Morning In Delhi

It is the time of day I so love most.  The promise of sunrise faintly glimmering on the horizon.  The atmosphere still and cool though the air of Delhi seems to be permanently tainted by a dull dirty haze.

I am staying near Central Park, Or at least New Delhi's version of it.  A long steel fence surrounds it and you have to walk some distance to find a gate to let you in.  A small group of scruffy man stood next to a little shack.  A bedraggled security check point I believe.  A metal screener stood off to one side ignored by the chatting men wrapped up in shawls.  They paid no attention to me as I walked in.  Signs said no pictures.

A giant Indian flag hangs limp.  The wind has yet to rise the city still slumbers.

In the middle of the park are many many signs asking park goers not to spit.  On the way into the park I could hear the shuffling steps of a man behind me.  Then the conspicuous sound of a throat gathering a load of phlegm.  Followed immediately by a roaring discharge onto the sidewalk.

The peculiar mix of the divine and the worldly I always find mysterious.  The goddess of beauty Lakshmi juxtaposed with an old hanging tire.

Some of the earliest ones to wake are the crows.  Their voices still a little timid in the morning coolness.

I learn over my coffee that it is a special day in Delhi.  There are I believe municipal elections.  The polls are open starting at 8am and close again at 6pm.  The television is filled with the excitement of it all.

You cannot drink alcohol on a voting day.  Security is tightened, or at least so they say across the city.  The faces on the screen as sincere and as well meaning as anyone who has ever stood in front of a camera and had important things to say.

But just outside the Radisson hotel, security and voting is not so important, or so it would seem.  In the still dimness a dog sleeps and a shape lies on the sidewalk under a slim blanket close by.  Both beings waiting for the sun to rise and to find purpose on this Saturday morning in Delhi.

Saturday, January 24, 2015

Statues....Old and New

As time has passed I have continued to accumulate more and more interesting and satisfying Bali experiences.  Since my first visit in 1988 this small tropical paradise has continued to provide something unique and special with each new visit.

In 2004 I went in a taxi with some friends to visit some of the carving shops on the road that leads to Ubud.  At one point we stopped in an area of stone carvers.  As the others examined the art work in the various small shops I wandered out back behind and down a small lane.

What I found there was an amazing landscape of endless rows of stone statues of all kinds that seemed somehow abandoned.  Of all shapes and sizes they were gathered here and there on any clear flat patch of earth that they could be placed.  All extremely heavy and clearly not moved in many many years.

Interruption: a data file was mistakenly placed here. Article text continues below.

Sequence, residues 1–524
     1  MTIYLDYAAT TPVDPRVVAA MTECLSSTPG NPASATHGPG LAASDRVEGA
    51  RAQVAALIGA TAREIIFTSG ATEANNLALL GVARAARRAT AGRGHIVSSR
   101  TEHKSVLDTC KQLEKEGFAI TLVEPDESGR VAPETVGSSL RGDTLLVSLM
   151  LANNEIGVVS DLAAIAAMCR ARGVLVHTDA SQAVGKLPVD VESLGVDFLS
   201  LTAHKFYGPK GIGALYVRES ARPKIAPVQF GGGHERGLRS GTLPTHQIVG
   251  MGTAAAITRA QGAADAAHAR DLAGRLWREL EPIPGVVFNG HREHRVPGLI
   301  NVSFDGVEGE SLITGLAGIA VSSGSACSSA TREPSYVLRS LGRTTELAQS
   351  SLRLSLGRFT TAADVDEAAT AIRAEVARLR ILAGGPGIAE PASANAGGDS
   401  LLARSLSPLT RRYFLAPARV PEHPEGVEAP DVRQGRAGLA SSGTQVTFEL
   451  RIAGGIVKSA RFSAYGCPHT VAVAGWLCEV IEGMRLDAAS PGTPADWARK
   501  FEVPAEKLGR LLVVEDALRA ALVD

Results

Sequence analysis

It was amazing, yet there was no explanation at all for why they were collected there, who owned them, and what would be their fate.

Abedan took this picture with his new fangled digital camera and would eventually give a copy of it to each of us.  We took the experience as just one of the wonders that is the Bali experience.  Kaivalya, here wearing the red hat, saw something else.

An artist and  sculptor, he soon took upon himself just a few years later the task of creating statues of our teacher Sri Chinmoy.  In 2009 one of his statues was erected at the Arma museum in Ubud.

Thursday, January 22, 2015

Morning Starts The Day

There is always a pervading sense of peace here.  I tried calculating just how many times I have been here to experience the magical charm of Bali, but am not really certain just what the number is.  This must be at least my 5th visit.

Something calls me out most mornings.  In the tranquil hour before the sun rises, while the dogs still doze under the trees, and before men rise up from their mats and go out and do meaningful things.

It is at that time that I enjoy this place most.  Have unexpected but not necessarily surprising experiences.  There seems to be endless supply of beauty that can be enjoyed no matter whether your eyes are open to it.

Particularly after nights filled with tumbling torrents of rain.  The morning then slowly opens up revealing its brightness and all its sweet promises.

I am sure there is some pleasure in long distance travel, but I have yet to see it.  We endure such discomforts though to get us to a place like this.

But perhaps there is a price to be paid for all fulfilling rewards.  Some struggle, some effort, some wistful hopes that all things lead us on to something better and better.

Of course I am not the first out in the mornings.  Fishermen with headlamps have waded out before there was even a hint of light in the sky.

And the Goddesses of course have never slackened in their endless vigil guarding the dawn and the warm calm sea stretching eastward.